Transportation Officials Say Big Dig Debt Over $23 Billion
At a Beacon Hill oversight hearing today [Tuesday], Massachusetts transportation officials said the Big Dig debt is starving other road and bridge projects statewide.
At the hearing, state transportation officials said the total cost of the Big Dig, including interest on borrowing, has grown to more than 23 billion. It is the costliest highway project in the nation’s history.
Dana Levenson, the chief financial officer for the Massachusetts Department of Transportation says Big Dig is preventing the Commonwealth from doing work on other transportation projects statewide.
“The Magnitude of the debt and the attendant debt service required by the Commonwealth, MassDot and the MBTA certainly keeps us from tackling not only desirable but necessary capital projects for the good of the commonwealth, its taxpayers and transportation users.”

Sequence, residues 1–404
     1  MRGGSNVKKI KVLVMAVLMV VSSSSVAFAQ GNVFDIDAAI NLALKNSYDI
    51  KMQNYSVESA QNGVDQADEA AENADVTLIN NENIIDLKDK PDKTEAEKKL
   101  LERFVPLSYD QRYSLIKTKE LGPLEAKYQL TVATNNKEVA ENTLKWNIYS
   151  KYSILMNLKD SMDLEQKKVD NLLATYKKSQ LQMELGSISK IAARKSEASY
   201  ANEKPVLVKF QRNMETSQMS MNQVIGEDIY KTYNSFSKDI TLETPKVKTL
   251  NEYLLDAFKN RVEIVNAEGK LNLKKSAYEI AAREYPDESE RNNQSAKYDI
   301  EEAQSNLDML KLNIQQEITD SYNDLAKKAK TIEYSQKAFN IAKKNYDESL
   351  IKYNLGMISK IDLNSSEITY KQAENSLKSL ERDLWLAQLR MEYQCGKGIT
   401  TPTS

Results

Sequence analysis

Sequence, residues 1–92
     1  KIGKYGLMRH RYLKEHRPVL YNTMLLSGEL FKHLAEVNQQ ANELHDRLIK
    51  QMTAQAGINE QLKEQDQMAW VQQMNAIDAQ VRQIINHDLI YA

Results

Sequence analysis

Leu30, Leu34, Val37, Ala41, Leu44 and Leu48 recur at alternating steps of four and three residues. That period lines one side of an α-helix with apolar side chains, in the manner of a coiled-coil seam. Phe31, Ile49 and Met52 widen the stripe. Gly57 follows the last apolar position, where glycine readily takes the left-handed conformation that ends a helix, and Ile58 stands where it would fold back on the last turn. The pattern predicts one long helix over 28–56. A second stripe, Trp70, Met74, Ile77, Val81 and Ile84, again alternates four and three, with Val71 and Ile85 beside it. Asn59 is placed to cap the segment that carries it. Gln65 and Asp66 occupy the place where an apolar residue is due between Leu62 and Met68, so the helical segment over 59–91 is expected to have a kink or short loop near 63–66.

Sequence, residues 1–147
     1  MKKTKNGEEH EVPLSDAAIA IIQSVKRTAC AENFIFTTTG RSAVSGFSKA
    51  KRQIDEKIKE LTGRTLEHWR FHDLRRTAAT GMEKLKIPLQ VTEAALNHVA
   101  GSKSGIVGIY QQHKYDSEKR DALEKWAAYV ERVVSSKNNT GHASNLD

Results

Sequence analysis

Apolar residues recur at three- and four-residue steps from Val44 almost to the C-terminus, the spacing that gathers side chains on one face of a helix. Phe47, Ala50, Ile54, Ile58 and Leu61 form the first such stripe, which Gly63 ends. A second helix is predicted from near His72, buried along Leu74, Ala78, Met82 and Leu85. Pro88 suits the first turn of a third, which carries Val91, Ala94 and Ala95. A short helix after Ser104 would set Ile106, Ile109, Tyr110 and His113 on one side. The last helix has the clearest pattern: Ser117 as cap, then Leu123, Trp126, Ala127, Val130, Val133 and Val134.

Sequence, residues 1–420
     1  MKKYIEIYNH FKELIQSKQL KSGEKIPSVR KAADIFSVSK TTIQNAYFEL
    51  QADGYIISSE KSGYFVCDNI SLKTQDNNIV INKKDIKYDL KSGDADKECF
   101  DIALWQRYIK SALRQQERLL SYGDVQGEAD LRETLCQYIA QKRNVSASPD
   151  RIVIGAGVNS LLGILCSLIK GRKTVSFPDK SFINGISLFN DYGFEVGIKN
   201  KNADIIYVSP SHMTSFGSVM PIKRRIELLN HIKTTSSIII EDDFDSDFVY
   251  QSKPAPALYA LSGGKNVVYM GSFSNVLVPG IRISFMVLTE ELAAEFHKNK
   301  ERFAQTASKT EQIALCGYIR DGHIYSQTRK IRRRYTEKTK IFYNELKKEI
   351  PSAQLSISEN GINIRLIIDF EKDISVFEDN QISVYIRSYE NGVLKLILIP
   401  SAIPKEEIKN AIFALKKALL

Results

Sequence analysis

This year, the department of transportation will pay $129 million dollars in debt service alone on the Big Dig. The state will pay somewhere north of $300 million. And the Massachusetts Bay Transportation Authority will pay $125 million. And the interest payments are going up.
State Transportation Secretary Rich Davey says the current administration didn’t create the problem but they still have to deal with it.
“This project, the Big Dig, which started long before any of us in the administration were here. - I told the assistant minority leader that I think I was in grammar school when it started, he laughed. We didn’t build it but its ours to manage.”
Also in order to get approval for the Big Dig, the state had to agree to build several large transit projects, including the extensions of several commuter rail lines. The Green Line extension is expected to cost 1.3 billion dollars adding to the state's big dig financial obligations.